0727 GMT February 25, 2020
In a letter to her Democratic colleagues, Pelosi said Friday she was proud of their ″courage and patriotism” and warned that senators now have a choice as they consider the charges of abuse and obstruction against the president, according to AP.
“In an impeachment trial, every Senator takes an oath to do impartial justice according to the Constitution and laws,” Pelosi wrote. “Every Senator now faces a choice: to be loyal to the president or the Constitution.”
The trial could begin next week. The Constitution gives the House the sole power to impeach a president, but the Senate has the ability to render a verdict when it convenes as the Court of Impeachment.
Pelosi was particularly upbeat Friday as she strode through the Capitol, despite mounting pressure on her to quit delaying the trial. Her decision to end the showdown with Senate majority leader Mitch McConnell does not fully bring closure to the question of whether the Senate will consider new witnesses, as some want, shifting pressure on senators to decide.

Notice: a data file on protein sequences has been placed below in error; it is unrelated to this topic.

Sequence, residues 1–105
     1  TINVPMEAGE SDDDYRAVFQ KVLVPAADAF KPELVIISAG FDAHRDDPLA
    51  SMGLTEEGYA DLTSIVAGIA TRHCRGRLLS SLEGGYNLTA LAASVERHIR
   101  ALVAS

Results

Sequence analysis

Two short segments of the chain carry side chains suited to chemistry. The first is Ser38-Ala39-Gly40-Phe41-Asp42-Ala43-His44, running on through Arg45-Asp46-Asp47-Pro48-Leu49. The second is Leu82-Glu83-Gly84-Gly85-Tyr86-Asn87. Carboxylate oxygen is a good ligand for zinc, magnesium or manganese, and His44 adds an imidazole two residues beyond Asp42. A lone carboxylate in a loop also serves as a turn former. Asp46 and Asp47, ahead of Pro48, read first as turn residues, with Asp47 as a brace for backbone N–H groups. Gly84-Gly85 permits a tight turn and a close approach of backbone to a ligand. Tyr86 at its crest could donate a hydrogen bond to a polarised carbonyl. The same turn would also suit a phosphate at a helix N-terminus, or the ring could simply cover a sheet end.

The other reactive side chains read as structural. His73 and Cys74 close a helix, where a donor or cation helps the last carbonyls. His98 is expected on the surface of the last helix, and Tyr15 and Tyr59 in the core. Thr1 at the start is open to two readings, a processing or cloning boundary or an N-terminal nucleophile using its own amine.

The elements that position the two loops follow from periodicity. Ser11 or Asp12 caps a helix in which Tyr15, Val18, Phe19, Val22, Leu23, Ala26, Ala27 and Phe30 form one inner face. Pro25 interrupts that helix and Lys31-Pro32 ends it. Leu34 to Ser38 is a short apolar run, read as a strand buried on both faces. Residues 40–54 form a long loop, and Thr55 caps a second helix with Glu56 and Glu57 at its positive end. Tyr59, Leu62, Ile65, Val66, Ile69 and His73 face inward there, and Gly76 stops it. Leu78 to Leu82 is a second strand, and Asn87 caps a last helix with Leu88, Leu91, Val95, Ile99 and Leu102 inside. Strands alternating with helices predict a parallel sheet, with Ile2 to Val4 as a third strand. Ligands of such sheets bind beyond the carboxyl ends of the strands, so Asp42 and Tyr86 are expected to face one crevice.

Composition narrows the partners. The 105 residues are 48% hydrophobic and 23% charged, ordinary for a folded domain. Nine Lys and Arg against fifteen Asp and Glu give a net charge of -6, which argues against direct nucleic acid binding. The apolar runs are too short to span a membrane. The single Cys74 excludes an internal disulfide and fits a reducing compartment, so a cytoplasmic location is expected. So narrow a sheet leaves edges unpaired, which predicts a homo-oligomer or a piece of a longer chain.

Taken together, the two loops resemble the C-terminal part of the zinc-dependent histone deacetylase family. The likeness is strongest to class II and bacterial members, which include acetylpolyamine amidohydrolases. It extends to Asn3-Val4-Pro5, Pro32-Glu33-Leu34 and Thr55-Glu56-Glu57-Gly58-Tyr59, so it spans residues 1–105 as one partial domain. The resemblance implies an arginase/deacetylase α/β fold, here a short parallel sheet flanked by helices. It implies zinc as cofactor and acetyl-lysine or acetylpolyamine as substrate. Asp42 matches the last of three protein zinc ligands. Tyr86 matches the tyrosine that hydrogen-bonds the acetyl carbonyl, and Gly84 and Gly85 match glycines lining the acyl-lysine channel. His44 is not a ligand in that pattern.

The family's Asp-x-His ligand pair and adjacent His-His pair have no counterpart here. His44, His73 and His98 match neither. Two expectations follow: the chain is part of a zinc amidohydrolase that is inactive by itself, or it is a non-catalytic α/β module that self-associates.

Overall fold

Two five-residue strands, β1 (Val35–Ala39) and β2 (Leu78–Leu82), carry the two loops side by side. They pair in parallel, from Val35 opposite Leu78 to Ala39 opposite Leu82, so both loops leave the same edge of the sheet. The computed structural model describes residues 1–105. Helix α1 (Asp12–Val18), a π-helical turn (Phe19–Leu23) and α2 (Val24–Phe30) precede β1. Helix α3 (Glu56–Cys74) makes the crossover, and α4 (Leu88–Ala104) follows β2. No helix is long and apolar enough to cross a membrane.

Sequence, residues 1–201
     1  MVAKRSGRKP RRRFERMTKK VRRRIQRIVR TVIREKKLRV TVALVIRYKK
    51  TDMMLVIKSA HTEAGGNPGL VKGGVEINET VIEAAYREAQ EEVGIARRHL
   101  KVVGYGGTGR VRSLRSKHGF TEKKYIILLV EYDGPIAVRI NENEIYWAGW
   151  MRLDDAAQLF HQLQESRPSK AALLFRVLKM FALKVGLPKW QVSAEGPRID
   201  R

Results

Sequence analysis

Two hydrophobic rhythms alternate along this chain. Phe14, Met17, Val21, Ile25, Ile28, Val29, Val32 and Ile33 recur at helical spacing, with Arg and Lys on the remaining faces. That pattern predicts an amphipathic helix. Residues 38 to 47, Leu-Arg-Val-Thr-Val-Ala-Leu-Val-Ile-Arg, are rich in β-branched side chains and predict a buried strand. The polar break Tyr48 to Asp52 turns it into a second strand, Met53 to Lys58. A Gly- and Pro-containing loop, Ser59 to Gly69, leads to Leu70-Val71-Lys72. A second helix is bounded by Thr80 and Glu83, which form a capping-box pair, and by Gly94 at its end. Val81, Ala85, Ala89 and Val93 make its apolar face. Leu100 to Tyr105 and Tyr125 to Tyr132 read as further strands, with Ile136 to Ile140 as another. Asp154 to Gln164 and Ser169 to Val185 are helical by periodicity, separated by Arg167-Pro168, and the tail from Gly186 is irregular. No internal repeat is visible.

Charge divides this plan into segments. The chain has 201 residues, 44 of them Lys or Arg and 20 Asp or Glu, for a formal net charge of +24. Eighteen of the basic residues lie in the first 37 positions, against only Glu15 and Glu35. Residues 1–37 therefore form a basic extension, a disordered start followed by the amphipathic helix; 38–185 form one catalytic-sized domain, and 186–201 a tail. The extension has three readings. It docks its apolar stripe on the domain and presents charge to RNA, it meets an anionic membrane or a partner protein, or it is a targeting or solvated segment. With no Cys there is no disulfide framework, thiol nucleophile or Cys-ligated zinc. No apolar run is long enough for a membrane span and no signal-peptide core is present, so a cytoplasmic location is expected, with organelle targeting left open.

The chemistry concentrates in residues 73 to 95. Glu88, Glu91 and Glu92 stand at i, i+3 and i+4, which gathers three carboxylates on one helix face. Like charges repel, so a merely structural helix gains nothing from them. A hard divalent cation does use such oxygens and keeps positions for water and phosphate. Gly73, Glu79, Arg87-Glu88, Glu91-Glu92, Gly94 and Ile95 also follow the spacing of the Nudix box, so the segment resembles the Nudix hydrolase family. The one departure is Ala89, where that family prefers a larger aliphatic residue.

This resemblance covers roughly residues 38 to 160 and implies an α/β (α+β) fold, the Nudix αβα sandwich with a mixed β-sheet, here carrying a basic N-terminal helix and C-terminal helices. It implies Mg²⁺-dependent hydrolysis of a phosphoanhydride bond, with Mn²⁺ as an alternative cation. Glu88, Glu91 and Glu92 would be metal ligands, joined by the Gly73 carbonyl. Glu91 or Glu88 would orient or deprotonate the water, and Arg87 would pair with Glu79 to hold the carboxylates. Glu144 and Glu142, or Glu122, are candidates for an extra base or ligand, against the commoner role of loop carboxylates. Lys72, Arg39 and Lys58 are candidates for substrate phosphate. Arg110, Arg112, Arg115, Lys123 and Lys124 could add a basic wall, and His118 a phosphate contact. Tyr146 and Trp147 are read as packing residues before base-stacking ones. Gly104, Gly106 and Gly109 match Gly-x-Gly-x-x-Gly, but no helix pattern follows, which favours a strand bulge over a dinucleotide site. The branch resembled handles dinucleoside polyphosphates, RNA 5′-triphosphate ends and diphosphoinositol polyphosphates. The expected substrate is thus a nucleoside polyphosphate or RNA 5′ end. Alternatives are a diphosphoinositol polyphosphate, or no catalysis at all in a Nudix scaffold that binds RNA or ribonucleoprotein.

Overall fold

Trump swiftly signaled his intention of blocking any testimony from John Bolton, the brash former national security adviser who could be a wildcard witness in the trial. Bolton has said he would appear before the Senate if he received a subpoena.
At the same time, a key centrist GOP senator, Susan Collins of Maine, whose vote is among those most watched, announced Friday she was in discussions with other Republicans on a strategy that would allow the Senate to hear new testimony.
While the rules of Senate trial remain unsettled, the outcome is not. Trump is widely expected to be acquitted of charges that he abused power by pressuring Ukraine to investigate Democratic presidential contender Joe Biden, then obstructed Congress in its investigation. No president has ever been removed by the Senate.